False Alarms are those calls made by an Alarm Company to the 911 Center in which public safety personnel is en route to a property location in which the call proves to be unfounded. Canceled alarms where the alarm is canceled, but the officer has already checked the premise, are also considered false alarms. An alarm which is canceled prior to the officer being sent to the premise is not considered a false alarm.

    Calls made to request public safety dispatch without state-mandated verification conducted prior to the request for dispatch are administrative violations which disqualify an alarm for response in addition to a fine to the alarm company.

    Alarm Companies are not restricted from passing along false alarm fines to their customers.  Alarm users are encouraged to understand their Alarm Company’s policies and procedures related to false alarms and assessment/payment of fines when entering an agreement with the Alarm Company.

    Response is always provided for panic, duress, hold-up and fire alarms.

    Appeals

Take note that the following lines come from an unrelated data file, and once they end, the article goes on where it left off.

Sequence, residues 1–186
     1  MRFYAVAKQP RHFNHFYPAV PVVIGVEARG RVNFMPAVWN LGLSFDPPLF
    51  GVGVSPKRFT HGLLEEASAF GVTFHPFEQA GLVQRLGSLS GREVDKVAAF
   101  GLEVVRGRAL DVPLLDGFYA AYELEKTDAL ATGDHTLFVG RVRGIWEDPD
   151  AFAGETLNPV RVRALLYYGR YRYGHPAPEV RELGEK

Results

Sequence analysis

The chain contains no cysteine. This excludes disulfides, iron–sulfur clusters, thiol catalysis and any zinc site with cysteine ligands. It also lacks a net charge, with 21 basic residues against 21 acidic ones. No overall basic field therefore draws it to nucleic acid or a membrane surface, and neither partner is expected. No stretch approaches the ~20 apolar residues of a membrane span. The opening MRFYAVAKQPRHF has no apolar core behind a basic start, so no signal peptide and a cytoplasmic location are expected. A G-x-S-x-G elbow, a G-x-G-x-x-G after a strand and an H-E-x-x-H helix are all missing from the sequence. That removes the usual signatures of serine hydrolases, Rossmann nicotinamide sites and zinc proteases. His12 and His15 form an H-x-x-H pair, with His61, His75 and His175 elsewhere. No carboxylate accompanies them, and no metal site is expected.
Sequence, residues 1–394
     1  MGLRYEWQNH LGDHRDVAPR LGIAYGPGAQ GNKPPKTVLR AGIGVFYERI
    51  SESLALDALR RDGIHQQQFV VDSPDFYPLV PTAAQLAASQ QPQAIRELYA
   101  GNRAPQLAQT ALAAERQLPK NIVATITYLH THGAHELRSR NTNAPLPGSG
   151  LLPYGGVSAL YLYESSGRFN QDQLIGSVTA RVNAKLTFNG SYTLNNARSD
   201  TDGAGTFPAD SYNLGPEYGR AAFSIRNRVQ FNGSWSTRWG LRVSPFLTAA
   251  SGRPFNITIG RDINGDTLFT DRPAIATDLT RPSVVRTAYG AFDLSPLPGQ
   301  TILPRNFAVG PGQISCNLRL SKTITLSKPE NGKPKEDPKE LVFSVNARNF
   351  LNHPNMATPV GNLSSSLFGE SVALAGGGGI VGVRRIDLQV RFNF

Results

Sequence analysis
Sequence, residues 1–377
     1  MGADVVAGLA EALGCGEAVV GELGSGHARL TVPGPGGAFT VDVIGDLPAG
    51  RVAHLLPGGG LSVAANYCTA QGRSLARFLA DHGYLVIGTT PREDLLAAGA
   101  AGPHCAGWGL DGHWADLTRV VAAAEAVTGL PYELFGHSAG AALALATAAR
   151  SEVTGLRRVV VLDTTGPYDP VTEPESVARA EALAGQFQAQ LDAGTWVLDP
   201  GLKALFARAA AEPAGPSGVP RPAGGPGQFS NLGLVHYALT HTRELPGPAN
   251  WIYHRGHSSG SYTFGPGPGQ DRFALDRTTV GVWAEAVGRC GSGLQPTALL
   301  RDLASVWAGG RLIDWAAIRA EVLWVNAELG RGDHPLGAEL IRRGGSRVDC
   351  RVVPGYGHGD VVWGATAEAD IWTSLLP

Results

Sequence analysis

How does an alarm company appeal a false alarm fine?

    Alarm Companies may appeal an assessment of a false alarm fine or permit suspension to the Alarm Administrator by utilizing the Appeal Form and submitting in writing the reasons for the appeal within 30 days of the date of the notice sent.  

    The Appeal Form may be obtained by making an email request to CryWolf at sandyspringsga@publicsafetycorp.com, by phone at 855-725-7101, by mail at PO Box 102117, Atlanta, GA 30368-2117.  

    What if I have further questions about alarm systems or the City’s Alarm Ordinance?

    Those who have additional questions about alarm systems or the City’s Alarm Ordinance may call the Sandy Springs Police Department at 770-551-6900 – ask to speak to the Alarm Administrator.

    ORDINANCE CHANGES